Last month, a group of 20 retired generals, 80 officers, and a thousand lower-ranking officers in the French army signed an open letter to President Emmanuel Macron. The letter laments the rise in crime and general dysfunction plaguing France, which the writers attribute to the influx of Muslim immigrants. Polls indicate that the majority of their countrymen agree with this assessment. For his part, Macron has already taken action, disciplining 18 serving officers who signed the letter.
The mix of frankness, nostalgia, cultural pride, and pessimism expressed in the letter is unmistakably French. However, many conservative Americans would likely agree that their own country is suffering from many of the same problems. There’s a general perception that the country is in decline and that the rule of law is threatened. To make matters worse, the nation’s elites now seem to take an anti-patriotic stance and exploit these anarchic movements for their own gain.
Nevertheless, there are still important differences between France and the U.S. Just as the yellow jacket protests were about more than high gas prices, the French frustration in this open letter is about more than immigration. It is about what France has become: an otherwise small and insignificant nation haunted by a glorious past. While there have been rises in violent crime and social unrest that correlate with the increase of mostly North African Muslim immigrants, this is often exaggerated and doesn’t actually account for country’s current woes.
Rather, France’s problem is, and always has been, its bloated welfare system, which is listed as the most generous in the world. The French pay high taxes and expect a wide array of public services in return. Unsurprisingly, this system has led to the government going into massive debt to continue funding these entitlements and has greatly hindered the country’s economy. Meanwhile, the population continues to grow older and retire while birthrates fall well below replacement level.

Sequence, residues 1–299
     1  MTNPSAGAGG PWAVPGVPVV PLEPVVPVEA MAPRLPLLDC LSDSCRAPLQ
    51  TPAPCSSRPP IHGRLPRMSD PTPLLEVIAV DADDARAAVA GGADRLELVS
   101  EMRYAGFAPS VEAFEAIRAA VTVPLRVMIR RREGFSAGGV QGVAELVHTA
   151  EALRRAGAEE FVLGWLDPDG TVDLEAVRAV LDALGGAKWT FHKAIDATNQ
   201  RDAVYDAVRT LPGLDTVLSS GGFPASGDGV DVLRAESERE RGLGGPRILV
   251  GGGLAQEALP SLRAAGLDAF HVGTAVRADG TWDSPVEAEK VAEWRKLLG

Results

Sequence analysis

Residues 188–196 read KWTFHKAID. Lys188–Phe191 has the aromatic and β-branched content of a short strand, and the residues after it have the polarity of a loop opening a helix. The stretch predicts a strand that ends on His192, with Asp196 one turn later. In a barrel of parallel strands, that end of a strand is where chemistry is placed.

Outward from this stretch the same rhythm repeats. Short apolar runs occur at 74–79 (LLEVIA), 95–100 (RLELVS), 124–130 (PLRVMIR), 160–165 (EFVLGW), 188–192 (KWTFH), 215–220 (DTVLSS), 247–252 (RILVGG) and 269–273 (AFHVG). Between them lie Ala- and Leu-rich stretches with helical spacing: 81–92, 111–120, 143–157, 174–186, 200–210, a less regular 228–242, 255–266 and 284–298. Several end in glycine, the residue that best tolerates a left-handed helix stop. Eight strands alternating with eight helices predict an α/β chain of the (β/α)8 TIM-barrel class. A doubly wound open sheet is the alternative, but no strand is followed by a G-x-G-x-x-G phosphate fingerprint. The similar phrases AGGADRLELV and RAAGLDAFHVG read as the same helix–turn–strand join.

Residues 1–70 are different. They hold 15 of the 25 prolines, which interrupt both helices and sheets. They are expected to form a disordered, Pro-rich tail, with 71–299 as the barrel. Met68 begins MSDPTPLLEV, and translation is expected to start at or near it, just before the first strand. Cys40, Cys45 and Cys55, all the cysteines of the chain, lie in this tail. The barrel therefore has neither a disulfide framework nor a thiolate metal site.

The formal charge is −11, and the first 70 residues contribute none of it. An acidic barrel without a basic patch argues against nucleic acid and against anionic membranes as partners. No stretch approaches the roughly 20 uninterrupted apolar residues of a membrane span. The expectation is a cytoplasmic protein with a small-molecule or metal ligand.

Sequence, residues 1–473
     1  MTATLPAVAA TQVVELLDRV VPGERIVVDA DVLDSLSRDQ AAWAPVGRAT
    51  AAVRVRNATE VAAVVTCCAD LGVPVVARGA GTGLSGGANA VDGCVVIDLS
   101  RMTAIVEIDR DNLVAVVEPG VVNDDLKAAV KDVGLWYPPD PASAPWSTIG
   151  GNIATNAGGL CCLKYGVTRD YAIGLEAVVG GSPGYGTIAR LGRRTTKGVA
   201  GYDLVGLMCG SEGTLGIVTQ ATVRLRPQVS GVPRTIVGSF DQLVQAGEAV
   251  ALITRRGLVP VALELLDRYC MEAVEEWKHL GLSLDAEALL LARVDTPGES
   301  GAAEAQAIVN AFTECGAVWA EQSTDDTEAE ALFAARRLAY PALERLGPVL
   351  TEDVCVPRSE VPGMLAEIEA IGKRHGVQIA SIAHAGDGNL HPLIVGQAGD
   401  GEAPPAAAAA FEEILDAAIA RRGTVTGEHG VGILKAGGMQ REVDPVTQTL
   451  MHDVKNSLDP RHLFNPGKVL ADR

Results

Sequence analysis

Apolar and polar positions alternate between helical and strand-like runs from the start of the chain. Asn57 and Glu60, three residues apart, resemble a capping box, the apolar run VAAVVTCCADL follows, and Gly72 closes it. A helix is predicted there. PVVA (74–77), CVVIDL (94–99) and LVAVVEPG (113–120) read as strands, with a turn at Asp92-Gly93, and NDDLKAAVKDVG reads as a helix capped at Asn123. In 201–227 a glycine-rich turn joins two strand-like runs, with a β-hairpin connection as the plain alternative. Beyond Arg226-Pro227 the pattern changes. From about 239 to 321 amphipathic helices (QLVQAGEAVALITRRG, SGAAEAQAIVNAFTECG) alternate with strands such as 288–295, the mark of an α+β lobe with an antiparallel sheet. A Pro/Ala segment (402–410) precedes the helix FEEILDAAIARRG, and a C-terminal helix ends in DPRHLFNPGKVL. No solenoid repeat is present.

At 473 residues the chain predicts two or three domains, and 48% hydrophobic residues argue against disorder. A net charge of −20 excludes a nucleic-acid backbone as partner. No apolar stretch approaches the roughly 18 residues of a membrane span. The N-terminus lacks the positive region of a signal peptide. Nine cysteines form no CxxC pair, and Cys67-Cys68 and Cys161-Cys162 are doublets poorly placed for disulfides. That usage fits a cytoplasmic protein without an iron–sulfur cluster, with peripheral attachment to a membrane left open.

Less measurable but more profound is the effect that France’s welfare state has had on its culture. “Entrepreneur” may be a French word, but it’s an utterly foreign concept to most Frenchmen. Most of them now depend heavily on the state for everything, including comfortable employment. And if they don’t receive a certain benefit from the state, they will strike and protest at a moment’s notice. Most of them couldn’t care less that this attitude ruins their economy, bankrupts their government, and makes everyone poorer in the long run. If it’s a choice between social benefits and their country’s well-being, the former always wins.
This culture of dependency accounts for most of the rising resentment against immigrants. While the French right likes to speak in terms of tradition and French values (as the generals’ letter puts it, “our ancient civil and military glories”), the argument that animates most French nativists is that immigrants take more from the system than they contribute. They are seen as parasites mooching off of government while they live in segregated, crime-infested banlieues. It doesn’t help that most immigrant neighborhoods are massive eyesores.
It’s worth mentioning here that American conservatives should reconsider their support of presidential candidates like Marine Le Pen. Although she characterizes her opposition to immigration as patriotic, it is really more socialist. If she or another person from her party actually succeeded in winning the presidency (unlikely), little would change about France except that it might take in fewer immigrants.